Thursday, June 23, 2011

Ferdowsi, the Poet from Tus

Ferdowsi, born in 940 in Tus, right outside of Mashhad, already a well-regarded poet at 30, was commissioned by the Saminid princes of Khorasan to write a poetic version of an older prose text called the Book of Lords. He completed it in 1010. Unfortunately he had not been paid by the princes who hired him. And at some point during his 40 or so years of writing more than 50,000 verses, these princes were ousted by the Ghaznavid Turks who were not particularly sympathetic to his project.

Shanameh or Book of Kings tells the story of two mythic or legendary dynasties and two historical dynasties and stops just short of the momentous Arab invasion in the 7th century. The archetypal Persian hero of the book, Rostam, who embodies integrity, strength and chivalry, wages righteous battles and undergoes many trials and tests of endurance and courage. It’s a story that makes Persians proud of their pre-Islamic history and ancient glory. And apparently it is beautifully written. The statue we saw in Tehran outside Mohammed Reza Shah Pahlavi’s White Palace is a figure from Shanameh.

But there is more to its importance than that. In the 10th century, Arab culture was bumping up against Persian culture and language and threatening to over run it. Ferdowsi, fully understanding the threat, wrote Shanameh in a pure form of Persian, removing as many Arab-derived words as possible and as a result codified the Persian language for future generations. Or so the story goes.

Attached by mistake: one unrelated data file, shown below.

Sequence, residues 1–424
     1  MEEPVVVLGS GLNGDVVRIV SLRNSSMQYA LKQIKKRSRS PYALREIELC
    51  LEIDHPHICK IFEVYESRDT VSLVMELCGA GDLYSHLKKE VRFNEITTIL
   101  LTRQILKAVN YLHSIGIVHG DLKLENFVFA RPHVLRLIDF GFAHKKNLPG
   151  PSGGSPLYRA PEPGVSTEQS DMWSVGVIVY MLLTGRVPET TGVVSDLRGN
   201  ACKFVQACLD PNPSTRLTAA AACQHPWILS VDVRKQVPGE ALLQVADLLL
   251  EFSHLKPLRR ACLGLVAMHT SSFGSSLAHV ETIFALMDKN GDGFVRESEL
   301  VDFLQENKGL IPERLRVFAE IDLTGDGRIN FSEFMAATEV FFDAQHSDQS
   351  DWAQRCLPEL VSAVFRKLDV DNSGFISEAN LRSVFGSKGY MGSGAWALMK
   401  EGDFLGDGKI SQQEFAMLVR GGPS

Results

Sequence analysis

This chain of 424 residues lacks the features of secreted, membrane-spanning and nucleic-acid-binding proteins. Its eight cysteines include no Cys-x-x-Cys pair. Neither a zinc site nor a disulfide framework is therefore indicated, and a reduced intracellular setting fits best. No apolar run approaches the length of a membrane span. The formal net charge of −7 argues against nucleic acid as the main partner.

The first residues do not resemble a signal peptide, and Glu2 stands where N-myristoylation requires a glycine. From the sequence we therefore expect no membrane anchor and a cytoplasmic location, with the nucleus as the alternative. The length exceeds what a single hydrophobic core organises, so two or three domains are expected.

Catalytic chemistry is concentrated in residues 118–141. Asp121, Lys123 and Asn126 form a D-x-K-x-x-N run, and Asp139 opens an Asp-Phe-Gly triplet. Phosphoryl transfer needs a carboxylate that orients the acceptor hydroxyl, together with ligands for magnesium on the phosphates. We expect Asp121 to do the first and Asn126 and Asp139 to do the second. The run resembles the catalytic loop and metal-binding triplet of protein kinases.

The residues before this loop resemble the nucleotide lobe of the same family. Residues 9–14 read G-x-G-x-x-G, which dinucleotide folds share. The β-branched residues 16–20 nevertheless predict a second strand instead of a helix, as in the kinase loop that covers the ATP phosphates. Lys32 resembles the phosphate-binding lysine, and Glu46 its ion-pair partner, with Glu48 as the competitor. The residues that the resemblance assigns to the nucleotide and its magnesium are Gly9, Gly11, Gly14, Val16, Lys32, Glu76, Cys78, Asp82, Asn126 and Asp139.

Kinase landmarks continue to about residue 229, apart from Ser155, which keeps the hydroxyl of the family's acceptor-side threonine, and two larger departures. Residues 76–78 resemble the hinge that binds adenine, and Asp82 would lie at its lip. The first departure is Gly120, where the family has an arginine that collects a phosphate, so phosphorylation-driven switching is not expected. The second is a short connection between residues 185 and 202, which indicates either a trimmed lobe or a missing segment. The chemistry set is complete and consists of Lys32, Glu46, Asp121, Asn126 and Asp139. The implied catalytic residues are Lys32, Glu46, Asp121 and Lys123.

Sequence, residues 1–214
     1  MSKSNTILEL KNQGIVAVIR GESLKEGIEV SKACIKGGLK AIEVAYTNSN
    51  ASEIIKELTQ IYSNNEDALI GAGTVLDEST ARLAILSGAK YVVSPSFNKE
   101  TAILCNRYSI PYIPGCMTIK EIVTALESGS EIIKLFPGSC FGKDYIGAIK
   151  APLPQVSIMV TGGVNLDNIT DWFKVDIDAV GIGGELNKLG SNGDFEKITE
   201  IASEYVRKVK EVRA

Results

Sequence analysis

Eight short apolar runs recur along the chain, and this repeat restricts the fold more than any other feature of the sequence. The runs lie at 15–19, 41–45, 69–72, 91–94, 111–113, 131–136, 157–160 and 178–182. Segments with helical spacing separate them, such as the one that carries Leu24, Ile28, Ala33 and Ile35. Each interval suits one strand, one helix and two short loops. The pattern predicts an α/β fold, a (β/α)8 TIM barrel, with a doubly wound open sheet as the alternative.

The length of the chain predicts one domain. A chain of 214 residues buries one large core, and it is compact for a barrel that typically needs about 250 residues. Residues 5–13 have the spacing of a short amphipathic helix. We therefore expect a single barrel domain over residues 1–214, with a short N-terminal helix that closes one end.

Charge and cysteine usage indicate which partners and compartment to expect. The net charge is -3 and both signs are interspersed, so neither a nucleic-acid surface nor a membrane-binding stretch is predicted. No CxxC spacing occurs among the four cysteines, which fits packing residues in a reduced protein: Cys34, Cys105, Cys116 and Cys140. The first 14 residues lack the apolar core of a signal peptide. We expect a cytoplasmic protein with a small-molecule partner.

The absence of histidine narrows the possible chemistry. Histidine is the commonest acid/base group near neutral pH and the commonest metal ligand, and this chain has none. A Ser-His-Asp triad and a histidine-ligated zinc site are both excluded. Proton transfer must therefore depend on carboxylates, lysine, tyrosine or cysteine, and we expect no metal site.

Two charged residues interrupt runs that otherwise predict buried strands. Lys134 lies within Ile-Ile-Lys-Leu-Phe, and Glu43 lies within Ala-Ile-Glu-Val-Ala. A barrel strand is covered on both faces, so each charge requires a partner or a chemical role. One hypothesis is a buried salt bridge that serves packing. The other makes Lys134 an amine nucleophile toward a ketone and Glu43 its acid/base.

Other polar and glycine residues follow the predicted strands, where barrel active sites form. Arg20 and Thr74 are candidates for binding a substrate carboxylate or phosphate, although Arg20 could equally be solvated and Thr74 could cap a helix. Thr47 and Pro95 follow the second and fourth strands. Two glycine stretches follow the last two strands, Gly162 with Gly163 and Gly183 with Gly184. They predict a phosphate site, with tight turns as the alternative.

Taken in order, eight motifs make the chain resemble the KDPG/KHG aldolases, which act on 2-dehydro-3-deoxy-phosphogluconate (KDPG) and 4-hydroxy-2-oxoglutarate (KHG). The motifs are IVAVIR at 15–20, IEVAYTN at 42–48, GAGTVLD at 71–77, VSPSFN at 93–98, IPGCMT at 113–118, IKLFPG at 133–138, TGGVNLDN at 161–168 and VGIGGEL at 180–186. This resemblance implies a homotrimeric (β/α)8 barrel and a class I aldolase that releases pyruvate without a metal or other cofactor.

The mausoleum which we visited in Tus was built in 1926 by Reza Shah Pahlavi, on the site of Ferdowsi’s tomb. Inside are giant carvings of some of the stories from Shanameh.

Our guide to the city of Mashhad, Ali, sang us one of the stories from Shanameh standing at the foot of Ferdowsi's tomb, his lovely voice reverberating throughout the large space filled with mythical creatures, ruthless enemies, and valiant heroes.

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